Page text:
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Yes, it can be found under Section 6-8 of the Code of Ordinances. An owner, harborer, or person in possession of any animal to permit it to run at large in the city or trespass on the property of another. It is also unlawful to leave an animal unattended while restrained by a leash in any public place.
Yes, you must remove and dispose of any deposits your dog makes while out per section 6-10 of the City Ordinance.
Please call the City of Denton Animal Services at (940) 349-7594 to report this type of behavior, as dog owners have a legal responsibility to their neighbors to restrain their animals from this behavior if it interferes with reasonable use and enjoyment of adjacent property by its occupants per section 6-9 of the City Ordinance.
Yes, any cat, dog, or ferret 4 months or more in age must be vaccinated against rabies per section 6-13 of the City Ordinance
The cost for adopting a dog or cat from the Linda McNatt Animal Care and Adoption Facility is normally $60. There are some situations in which this fee may be reduced, due to special circumstances involving that animal. The fee includes:
For Denton residents adopting, the registration fee is waived per section 6-18 of the City Ordinance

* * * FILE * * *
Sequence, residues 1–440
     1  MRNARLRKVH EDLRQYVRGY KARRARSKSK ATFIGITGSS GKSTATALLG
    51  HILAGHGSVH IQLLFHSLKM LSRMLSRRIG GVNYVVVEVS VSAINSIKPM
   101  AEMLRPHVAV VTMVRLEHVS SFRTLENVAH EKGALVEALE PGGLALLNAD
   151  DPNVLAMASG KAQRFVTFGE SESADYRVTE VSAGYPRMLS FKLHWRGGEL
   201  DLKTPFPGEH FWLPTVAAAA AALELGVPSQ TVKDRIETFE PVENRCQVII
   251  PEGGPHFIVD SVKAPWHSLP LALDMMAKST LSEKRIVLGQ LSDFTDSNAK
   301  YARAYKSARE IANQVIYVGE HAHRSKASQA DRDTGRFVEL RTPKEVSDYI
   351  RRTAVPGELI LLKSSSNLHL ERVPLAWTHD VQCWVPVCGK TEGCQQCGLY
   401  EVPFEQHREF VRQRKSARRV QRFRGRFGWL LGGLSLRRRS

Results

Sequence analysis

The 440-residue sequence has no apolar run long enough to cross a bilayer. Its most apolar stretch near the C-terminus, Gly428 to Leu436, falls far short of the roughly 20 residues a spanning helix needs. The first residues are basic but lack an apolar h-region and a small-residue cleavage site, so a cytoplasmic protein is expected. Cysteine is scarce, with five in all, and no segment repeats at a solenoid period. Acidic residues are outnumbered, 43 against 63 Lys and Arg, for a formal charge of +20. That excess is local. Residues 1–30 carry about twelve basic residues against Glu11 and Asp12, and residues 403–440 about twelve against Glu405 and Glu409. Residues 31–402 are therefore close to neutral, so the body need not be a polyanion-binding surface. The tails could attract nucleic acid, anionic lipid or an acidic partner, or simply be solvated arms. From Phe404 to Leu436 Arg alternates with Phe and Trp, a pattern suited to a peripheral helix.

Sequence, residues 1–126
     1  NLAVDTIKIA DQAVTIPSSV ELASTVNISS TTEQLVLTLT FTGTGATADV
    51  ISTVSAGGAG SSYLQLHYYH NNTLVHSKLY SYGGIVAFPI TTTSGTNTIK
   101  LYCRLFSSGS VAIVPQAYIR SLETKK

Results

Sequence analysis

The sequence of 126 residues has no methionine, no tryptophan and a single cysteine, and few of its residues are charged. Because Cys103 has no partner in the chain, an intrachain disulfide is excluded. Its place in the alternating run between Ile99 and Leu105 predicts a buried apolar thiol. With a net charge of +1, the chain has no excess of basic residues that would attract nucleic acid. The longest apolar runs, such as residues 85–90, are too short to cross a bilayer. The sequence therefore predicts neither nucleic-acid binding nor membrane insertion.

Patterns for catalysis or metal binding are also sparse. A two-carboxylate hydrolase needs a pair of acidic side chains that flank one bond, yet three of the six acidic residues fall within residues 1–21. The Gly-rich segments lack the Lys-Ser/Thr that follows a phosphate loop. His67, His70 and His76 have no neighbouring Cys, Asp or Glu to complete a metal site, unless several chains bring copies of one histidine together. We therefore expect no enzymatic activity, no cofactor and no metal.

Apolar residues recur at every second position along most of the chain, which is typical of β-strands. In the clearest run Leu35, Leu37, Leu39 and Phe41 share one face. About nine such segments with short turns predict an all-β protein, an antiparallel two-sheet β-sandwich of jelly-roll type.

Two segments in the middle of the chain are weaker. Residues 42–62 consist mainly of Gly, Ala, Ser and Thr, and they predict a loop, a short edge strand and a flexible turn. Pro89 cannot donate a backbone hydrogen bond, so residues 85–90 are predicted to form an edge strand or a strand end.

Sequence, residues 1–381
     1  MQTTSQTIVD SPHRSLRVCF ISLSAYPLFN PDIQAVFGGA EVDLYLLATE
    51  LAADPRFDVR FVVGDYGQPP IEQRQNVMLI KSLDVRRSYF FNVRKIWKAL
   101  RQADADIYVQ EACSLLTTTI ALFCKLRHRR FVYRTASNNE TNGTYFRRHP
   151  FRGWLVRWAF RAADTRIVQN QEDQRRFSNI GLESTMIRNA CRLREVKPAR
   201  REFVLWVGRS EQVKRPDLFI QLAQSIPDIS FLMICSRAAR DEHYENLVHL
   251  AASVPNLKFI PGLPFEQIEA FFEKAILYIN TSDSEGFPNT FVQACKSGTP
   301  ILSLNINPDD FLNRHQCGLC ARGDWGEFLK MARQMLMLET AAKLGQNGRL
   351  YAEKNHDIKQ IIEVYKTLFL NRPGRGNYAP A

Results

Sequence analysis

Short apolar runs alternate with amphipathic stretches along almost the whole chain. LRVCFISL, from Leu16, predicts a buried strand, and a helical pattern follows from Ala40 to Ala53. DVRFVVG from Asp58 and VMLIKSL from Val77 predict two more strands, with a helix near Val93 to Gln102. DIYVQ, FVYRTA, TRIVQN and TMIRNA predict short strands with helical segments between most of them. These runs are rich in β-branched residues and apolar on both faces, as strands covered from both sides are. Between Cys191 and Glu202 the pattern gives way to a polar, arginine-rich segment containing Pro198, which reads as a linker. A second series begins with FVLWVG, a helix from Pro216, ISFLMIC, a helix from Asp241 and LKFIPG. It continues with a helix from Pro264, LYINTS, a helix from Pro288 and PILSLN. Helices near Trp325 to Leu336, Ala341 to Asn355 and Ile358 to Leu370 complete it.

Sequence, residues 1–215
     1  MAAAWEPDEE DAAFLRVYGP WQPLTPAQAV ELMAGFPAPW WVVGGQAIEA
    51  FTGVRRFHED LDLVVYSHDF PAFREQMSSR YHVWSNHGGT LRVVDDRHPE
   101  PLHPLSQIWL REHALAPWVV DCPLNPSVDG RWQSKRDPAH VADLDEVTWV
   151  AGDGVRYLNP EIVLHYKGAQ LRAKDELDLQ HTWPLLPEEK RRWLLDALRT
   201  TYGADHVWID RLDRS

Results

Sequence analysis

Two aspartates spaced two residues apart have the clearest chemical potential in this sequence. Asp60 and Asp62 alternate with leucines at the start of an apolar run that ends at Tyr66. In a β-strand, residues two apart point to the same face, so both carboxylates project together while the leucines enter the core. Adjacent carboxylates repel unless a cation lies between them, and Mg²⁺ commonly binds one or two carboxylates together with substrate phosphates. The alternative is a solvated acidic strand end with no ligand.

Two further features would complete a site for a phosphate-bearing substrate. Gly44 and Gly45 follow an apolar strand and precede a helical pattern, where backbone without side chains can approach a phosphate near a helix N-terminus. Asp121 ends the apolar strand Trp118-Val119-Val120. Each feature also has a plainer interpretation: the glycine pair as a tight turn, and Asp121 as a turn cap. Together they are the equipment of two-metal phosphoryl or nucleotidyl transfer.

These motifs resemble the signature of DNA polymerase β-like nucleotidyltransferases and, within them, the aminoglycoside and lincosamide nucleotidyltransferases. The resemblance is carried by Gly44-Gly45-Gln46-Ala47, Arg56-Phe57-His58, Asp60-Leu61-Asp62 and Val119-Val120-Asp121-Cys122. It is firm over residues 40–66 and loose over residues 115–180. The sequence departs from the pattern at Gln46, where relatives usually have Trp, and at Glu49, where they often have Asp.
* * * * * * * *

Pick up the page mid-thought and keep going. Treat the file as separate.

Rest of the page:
Yes, No more than 8 hens may be kept on any single parcel of property in a residential neighborhood. Any structure used to contain the chickens must be a minimum of 50 feet from any residence, business or commercial establishment or office, school, hospital or nursing home. No rooster shall be kept within 150 feet of the same locations listed.
Yards, pens, coops, sheds, or other enclosures must be maintained to not give off any offensive odors or attract other insects or animals that endanger public health, safety or welfare, or to create a public nuisance per section 6-26 of the City Ordinance.
If you find a baby bird in the wild, it’s important to ask yourself a few questions before taking matters into your own hands. To learn more, consult our flyer to learn best practices when dealing with baby birds.
If you find a baby mammal in the wild, it’s important to ask yourself a few questions before taking matters into your own hands. To learn more, consult our flyer to learn best practices when dealing with baby mammals.